Author: editor

image credit: The plague of blood” from “The Golden Haggadah,” Catalonia, early.

This week Daniel and Karl are joined by Robin Holland for their discussion of Exodus Chapter 7.  The plagues begin!  There are magical battles between the Levite Bros. and Pharaoh!  And we get to ask questions about free will, systems of dominance, and the natural creation. (more…)

Daniel and Karl are joined by Maggie Leidheiser-Stoddard to discuss Exodus Chapter 6, a chapter full of quarreling with God, insecurity about leadership, and lots and lots of genealogy.  We all ended up feeling sorry for Moses, and wondering why verses 26 and 27 go out of their way to assure us that it’s the Moses and Aaron the descendants of Levi who were battling Pharaoh, not some other Moses and Aaron.  Were there a lot of Moses and Aaron’s running around in the ancient world? (more…)

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by Karl Stevens

In her Adult Forum video, “Revolutionary Themes in Exodus,” Paula Jackson points out that the first plague, the river turned to blood, reveals the violence that’s already inherent in the world.  Pharaoh has been using the Nile as the means of murdering the firstborn Hebrew children.  The river is full of blood, but this can be ignored as long as the water runs clear.  However, God is not content to let privileged people rest in their safety, untouched by the horrific things that are done in their name.  Everybody suffers when the water is turned to blood, and that’s the point.  The poor and oppressed have been suffering all along.  They can’t be relieved of their suffering until the rich and powerful have a change of heart.  And God’s plan is to give privileged people the experience of suffering, so that they can’t ignore it and will learn to hate it, not just for themselves but for everyone – and because they’ve experienced it and hated it, they will assist in the change that needs to happen in the world. (more…)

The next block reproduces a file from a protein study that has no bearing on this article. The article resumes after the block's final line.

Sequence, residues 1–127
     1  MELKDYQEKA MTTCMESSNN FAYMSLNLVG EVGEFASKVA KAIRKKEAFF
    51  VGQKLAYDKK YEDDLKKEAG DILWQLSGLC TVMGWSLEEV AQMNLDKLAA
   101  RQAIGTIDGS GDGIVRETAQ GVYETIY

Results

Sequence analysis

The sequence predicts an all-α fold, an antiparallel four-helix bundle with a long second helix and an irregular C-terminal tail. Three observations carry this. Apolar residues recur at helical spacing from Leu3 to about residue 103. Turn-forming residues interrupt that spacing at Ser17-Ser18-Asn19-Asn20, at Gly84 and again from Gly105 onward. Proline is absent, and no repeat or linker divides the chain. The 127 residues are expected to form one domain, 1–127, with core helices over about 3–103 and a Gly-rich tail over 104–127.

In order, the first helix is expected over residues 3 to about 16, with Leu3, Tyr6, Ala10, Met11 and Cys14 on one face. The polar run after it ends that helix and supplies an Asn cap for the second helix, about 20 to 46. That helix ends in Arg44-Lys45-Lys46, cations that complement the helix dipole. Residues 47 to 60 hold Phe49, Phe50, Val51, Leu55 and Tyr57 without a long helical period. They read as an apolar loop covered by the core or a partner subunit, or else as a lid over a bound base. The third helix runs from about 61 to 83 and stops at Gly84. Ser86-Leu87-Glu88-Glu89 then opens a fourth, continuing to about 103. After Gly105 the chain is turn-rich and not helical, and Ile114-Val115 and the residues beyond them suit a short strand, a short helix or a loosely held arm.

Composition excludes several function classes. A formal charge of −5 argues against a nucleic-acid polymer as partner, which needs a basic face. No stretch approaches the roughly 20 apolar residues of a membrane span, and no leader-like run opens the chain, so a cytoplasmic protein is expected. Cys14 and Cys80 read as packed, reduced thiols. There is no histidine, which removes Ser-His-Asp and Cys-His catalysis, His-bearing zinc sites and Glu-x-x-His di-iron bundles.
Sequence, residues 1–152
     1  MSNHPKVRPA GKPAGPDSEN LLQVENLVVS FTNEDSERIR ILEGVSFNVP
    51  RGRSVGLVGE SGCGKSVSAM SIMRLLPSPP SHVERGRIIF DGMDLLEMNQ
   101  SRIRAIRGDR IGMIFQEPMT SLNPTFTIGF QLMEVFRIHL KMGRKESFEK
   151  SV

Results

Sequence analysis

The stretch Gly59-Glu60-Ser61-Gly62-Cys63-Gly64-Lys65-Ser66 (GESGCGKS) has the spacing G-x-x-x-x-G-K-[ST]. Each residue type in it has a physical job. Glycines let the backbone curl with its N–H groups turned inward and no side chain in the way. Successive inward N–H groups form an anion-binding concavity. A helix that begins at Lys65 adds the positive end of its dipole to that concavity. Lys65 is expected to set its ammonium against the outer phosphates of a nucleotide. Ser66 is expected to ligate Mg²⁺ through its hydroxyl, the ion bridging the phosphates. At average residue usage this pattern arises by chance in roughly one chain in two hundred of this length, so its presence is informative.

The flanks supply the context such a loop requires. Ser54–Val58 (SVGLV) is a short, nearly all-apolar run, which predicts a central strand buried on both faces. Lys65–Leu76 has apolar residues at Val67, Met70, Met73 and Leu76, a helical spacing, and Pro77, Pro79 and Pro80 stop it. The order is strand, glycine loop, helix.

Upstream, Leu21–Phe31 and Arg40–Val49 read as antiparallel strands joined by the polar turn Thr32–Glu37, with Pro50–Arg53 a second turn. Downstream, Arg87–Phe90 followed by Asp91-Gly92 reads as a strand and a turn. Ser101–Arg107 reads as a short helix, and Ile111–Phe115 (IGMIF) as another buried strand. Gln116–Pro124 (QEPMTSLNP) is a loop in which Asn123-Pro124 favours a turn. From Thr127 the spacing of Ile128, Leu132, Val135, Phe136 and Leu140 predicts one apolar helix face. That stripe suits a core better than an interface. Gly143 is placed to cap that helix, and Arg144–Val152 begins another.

Image: Moses and Aaron with Pharaoh, 1931, Marc Chagall

Daniel and Karl dive into Chapter 5 and discuss the nature of God, the nature of social movements, the struggle for justice, and the tragedy of injustice.  The midrash that Daniel selected for us is below the audio player on this page. (more…)

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by Jason Prati

“The God of the Hebrews has revealed himself to us; let us go a three days’ journey into the wilderness to sacrifice to the Lord our God” (Exodus 5:3)

Many times throughout chapters 3-8, the reason given for the Exodus is worship.  In Moses’ first encounter with God in the burning bush, God commands him to tell Pharaoh that “The Lord, the God of the Hebrews, has met with us; let us now go a three days’ journey into the wilderness, so that we may sacrifice to the Lord our God (Exodus 3:18).” Here in Exodus 5, Moses and Aaron fulfill the Lord’s command.  They could have given a whole angry list of reasons to shout at Pharaoh to let the Israelites go free: the hardship of their labor, the injustice of the oppression, the affliction that they bore.  However, the reason given is to worship. “Pharaoh, we need to get out of Egypt for a couple of days for a “Church service,” would that be cool with you?” The reason, at first glance, seems bizarre. Yet, in the context of the Torah, it is the fundamental reason of human existence. (more…)

Karl and Daniel delve into Exodus, Ch. 4 and make many jokes about donkeys and circumcision.  Daniel’s selection of midrash is below. (more…)

In this week’s episode, Daniel and Karl are joined by Manoj Zecharia to discuss Exodus Ch. 3.  Listen below.  Show notes follow. (more…)

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Image: The Rylands Haggadah, detail, 14th century

by Mike Kreutzer

Churches have to deal, at least at times, with shortages: shortages of money, of time, of volunteers.  But one shortage that they never seem to have is a shortage of people who want to give their opinion on what “somebody” in the church should be doing – not themselves of course, but somebody else, or maybe just the generic “they.” (more…)

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Alen Kanfer seems to be a somewhat mysterious figure.  Born in Russia in 1905, he spent most of his life teaching English at Grover Cleveland High School in Queens.  A prolific poet, he was published in the Kenyon Review, Harper’s, Poetry magazine and the Sewanee Review.  And that is all the internet seems to know about him.  But his poems are lovely, and this is among the loveliest: (more…)

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During the Convocation, we asked eight questions as part of our World Cafe table discussions. (more…)